Full disclosure: SPR charges for reviews. People hate this, and don’t necessarily differentiate between paid good reviews and paid reviews in general, especially with the current controversy of paying for 5-star reviews. Since SPR started charging, we’ve been able to review many more books than before, and pay reviewers for their time. So I do think there’s a difference between what Kirkus, or SPR, does, and guaranteeing a block of 5-star reviews without even reading the book. Even so, people are now decrying the entire paid review model. This may seem like self-protection, but I don’t think the paid review model is corrupt on its face. We can guarantee a minimum 500-word review and never guarantee that the review will be good. If this site made a lot of money via advertising, reviewers could be paid in this way, but it doesn’t, so this is the alternative.
All that said, the NY Times story about paid reviews is a dark day for self-publishing. As KW Jeter says,
You only have to scroll through the comments to the New York Times article to find a lot of people piling on, saying that incidents such as this demonstrate that indie ebooks are crap, that authors have to pay people to say nice things about, and that’s why they don’t buy them.
One person I blame (in part) for this is JA Konrath. For years now, he’s been plugging the financial viability of self-publishing, all with the purpose of showing that self-publishing is the future and traditional publishing is a dying model. He seems to care less if a book is well written than if it’s sold a lot, so he can put another nail into the coffin of “legacy” publishing. He’s been pushing the financial viability at the expense of the cultural viability.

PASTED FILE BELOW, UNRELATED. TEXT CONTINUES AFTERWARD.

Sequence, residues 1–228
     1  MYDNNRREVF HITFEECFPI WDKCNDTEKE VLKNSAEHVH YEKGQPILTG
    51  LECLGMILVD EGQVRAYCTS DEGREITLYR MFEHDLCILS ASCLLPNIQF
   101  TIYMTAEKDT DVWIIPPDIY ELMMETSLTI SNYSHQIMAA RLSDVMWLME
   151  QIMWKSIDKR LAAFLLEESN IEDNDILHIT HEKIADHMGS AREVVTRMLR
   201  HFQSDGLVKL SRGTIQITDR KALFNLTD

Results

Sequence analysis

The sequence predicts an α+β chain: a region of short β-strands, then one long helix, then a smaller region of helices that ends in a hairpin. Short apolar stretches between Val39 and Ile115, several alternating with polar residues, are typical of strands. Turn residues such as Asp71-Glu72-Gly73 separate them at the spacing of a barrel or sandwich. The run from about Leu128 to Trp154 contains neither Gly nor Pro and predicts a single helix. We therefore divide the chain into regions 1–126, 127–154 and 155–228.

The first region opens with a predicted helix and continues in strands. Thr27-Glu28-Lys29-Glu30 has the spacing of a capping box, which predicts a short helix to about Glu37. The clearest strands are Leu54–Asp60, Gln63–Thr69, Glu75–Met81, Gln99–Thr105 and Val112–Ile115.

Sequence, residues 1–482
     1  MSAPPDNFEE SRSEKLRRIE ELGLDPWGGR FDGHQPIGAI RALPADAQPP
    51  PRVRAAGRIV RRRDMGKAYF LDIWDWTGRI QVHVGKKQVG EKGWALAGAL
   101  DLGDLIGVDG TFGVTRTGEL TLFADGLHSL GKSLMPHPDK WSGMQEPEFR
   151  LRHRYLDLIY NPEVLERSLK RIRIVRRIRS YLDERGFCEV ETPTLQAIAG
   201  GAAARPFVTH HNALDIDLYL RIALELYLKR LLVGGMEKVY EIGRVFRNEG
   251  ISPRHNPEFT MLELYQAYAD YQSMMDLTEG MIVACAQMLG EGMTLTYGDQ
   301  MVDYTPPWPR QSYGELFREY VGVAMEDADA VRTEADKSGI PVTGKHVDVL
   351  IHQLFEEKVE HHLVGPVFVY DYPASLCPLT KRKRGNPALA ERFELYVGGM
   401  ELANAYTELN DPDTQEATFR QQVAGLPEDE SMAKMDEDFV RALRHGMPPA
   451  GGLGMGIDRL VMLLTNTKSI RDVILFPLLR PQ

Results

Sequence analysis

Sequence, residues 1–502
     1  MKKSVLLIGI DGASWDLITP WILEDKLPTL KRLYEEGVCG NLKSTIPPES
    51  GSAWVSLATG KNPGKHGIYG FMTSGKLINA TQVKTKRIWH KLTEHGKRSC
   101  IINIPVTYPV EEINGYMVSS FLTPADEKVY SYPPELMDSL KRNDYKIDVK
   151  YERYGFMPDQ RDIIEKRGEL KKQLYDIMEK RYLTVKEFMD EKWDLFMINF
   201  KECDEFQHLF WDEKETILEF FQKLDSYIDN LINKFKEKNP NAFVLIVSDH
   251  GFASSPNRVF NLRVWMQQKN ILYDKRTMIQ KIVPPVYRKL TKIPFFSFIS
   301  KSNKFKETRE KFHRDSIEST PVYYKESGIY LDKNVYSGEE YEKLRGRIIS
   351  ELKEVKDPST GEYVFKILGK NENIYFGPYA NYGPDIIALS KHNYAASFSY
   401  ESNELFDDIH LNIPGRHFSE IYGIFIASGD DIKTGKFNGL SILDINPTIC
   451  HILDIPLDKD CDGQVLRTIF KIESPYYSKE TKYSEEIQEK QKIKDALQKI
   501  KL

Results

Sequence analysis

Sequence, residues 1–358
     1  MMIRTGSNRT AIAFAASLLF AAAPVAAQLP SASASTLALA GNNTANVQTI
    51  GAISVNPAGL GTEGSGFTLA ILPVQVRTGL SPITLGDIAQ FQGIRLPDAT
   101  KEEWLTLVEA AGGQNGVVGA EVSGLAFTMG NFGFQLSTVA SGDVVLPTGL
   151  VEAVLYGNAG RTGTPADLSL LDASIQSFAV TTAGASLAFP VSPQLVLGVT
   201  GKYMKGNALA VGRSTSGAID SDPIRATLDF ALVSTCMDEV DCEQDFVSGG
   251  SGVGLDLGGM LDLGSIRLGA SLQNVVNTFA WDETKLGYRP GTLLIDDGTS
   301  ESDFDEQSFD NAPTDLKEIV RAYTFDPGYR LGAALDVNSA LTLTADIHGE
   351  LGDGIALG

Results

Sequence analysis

Of course, John Locke is more to blame, as are all the writers who have used this service. But one of the most distressing things I’ve seen in recent years is everybody touting how much money you can make with self-publishing. This is exactly the kind of thinking that made me flee traditional publishing: money and sales are more important than content. If that’s the mantra, it’s not very surprising then if people do whatever they can to make money, at the expense of integrity. The entire publishing industry has been losing its integrity bit by bit, so it’s not just these authors who are at fault, it’s the entire culture around book selling.
As a result, some writers have gotten dollar signs in their eyes – the money was more important than the writing. If you’ve written a bad book, what other avenue do you have except to pay for a good review, as five star reviews aren’t going to come rolling in? If you’re confident in your book, you put it up and wait to see what happens.
What’s particularly stupid is why pay for reviews at all? If you’re so unscrupulous as to pay for good reviews, how hard is it to create a bunch of fake Amazon accounts with a bunch of different email addresses? Paying someone else to be fraudulent is doubly lazy.
At the same time, it doesn’t make sense to paint too broad a brush. Everyone who’s self-publishing doesn’t care more about money than art, and everyone who’s self-publishing isn’t a weak-willed no-talent creep who pays for good reviews. This is a terrible development, but it’s isolated to a handful of writers out of the thousands who are self-publishing. Most writers wouldn’t think to do this. So while some people are jumping at the chance to gloat – See, I told you self-publishing is terrible – this is just a variant of the same old argument. There are good books and bad books. There are good writers and bad writers.
But writers? Behave yourselves – because your behavior really is a reflection on everybody.